Originally published on Thu November 8, 2012 6:43 pm
By Alan Greenblatt
Credit Alan Diaz / AP
Florida is again having problems determining the winner of its presidential vote. But its difficulties are entirely different from the ones that kept the nation in suspense for more than a month back in 2000.
"It was just a convergence of things that were an embarrassment to Florida," says Susan MacManus, a political scientist at the University of South Florida in Tampa.
The election is over and the deadline for the so-called "fiscal cliff" is drawing closer. Host Michel Martin speaks with NPR Senior Business Editor Marilyn Geewax about how the two relate, and what it could mean for America's economic future.
This is MORNING EDITION from NPR News. I'm Renee Montagne.
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And I'm Steve Inskeep. Good morning.
House Speaker John Boehner says he's ready to work with President Obama on a looming fiscal problem. Republicans kept control of the House on Tuesday, though they also lost seats. Now they have weeks to negotiate over the scheduled higher tax rates and spending cuts known as the fiscal cliff.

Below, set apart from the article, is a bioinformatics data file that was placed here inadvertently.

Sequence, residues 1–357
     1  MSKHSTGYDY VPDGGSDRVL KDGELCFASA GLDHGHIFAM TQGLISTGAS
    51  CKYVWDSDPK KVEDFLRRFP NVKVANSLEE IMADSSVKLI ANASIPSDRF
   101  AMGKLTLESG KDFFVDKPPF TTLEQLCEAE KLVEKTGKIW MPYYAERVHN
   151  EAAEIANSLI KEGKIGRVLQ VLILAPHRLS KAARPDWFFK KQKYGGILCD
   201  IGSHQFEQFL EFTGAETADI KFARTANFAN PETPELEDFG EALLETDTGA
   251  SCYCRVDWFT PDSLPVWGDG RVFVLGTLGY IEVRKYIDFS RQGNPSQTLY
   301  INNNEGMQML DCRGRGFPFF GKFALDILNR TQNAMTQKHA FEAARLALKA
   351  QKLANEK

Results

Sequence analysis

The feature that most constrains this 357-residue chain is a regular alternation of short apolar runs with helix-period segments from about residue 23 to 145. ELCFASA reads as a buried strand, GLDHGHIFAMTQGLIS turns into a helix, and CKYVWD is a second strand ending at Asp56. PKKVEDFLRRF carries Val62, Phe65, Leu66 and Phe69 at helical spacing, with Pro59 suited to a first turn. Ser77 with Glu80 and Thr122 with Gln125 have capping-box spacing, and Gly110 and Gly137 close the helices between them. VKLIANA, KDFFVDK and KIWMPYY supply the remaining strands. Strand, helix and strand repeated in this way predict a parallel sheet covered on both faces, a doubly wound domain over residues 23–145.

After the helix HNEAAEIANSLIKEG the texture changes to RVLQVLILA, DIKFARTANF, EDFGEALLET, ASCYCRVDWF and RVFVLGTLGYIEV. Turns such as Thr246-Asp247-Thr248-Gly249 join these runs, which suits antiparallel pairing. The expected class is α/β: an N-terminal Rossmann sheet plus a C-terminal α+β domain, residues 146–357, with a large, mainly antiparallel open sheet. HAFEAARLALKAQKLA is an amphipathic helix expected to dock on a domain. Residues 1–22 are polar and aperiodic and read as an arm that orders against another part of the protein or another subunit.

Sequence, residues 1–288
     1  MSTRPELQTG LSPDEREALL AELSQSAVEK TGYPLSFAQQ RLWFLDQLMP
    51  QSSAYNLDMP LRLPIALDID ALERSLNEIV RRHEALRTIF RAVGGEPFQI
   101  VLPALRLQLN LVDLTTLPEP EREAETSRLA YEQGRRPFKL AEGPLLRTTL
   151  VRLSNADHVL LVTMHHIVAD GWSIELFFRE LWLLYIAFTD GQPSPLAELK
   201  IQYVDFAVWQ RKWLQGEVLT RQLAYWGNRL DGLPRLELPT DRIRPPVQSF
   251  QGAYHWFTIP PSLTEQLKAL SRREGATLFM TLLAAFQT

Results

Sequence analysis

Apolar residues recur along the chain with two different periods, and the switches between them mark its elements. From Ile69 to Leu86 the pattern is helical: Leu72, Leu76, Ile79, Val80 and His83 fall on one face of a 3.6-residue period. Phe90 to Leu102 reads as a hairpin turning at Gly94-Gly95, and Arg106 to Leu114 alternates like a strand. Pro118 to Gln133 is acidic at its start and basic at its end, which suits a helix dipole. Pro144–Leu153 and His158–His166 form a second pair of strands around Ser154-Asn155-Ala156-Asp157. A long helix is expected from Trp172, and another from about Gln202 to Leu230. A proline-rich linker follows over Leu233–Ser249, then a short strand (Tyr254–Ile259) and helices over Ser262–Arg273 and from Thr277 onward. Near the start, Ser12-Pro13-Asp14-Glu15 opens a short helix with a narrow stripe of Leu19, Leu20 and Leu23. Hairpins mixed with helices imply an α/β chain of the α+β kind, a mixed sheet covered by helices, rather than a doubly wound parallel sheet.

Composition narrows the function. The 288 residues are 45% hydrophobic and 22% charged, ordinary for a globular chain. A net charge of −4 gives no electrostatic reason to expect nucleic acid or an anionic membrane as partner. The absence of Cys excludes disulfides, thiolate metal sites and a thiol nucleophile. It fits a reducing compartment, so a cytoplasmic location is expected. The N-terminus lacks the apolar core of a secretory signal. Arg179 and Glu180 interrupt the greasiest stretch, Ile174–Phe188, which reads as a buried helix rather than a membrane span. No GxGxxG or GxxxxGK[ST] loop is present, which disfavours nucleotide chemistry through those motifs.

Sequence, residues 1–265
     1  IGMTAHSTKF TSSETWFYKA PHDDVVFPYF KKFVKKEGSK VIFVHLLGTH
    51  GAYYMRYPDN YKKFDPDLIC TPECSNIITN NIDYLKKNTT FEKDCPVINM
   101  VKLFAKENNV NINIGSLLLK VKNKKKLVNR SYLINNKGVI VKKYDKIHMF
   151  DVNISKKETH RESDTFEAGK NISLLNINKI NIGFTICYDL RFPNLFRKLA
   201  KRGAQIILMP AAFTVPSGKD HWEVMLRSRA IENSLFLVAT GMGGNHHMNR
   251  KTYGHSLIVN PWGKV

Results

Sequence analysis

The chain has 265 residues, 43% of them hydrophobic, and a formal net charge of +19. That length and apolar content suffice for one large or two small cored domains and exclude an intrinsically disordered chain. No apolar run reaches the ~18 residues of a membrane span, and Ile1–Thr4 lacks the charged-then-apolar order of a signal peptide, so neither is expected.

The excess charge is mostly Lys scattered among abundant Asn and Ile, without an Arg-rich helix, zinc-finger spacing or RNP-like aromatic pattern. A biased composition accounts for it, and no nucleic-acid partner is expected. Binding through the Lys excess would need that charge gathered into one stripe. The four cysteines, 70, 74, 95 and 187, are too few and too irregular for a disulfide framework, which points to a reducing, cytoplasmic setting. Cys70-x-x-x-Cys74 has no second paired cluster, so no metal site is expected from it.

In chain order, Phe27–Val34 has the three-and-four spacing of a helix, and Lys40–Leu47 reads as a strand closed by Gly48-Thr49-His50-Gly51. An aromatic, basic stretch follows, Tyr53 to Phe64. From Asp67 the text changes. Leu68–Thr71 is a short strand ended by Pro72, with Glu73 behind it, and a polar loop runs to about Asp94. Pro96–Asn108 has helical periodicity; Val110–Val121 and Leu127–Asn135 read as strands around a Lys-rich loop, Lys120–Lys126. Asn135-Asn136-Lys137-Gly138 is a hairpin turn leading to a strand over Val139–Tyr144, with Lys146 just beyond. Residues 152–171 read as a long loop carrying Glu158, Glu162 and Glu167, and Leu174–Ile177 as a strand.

Several thousand prisoners in California may be eligible to apply for sentence reductions, after voters overwhelmingly approved a ballot initiative Tuesday that alters the state's controversial three-strikes law.
But voters also rejected a proposition that would abolish the death penalty in the state. Proposition 34 would have replaced capital punishment with life imprisonment without the possibility of parole.
In an election that highlighted the political divide over abortion, female voters turned out to be a key to victory for President Obama.
Public outcry over Republican Todd Akin's comments on "legitimate rape" ultimately gave Democrat Claire McCaskill a U.S. Senate victory in Missouri. And in Indiana, Republican Senate hopeful Richard Mourdock lost his race at least in part because of his comments about pregnancy resulting from rape.
The Republicans' comments pushed the abortion issue to the forefront — and also united and motivated abortion rights activists.
Unions poured millions of dollars into ballot campaigns to guarantee collective bargaining rights in the Michigan Constitution and allow state-paid home care assistants to organize into a union. Both were resoundingly defeated.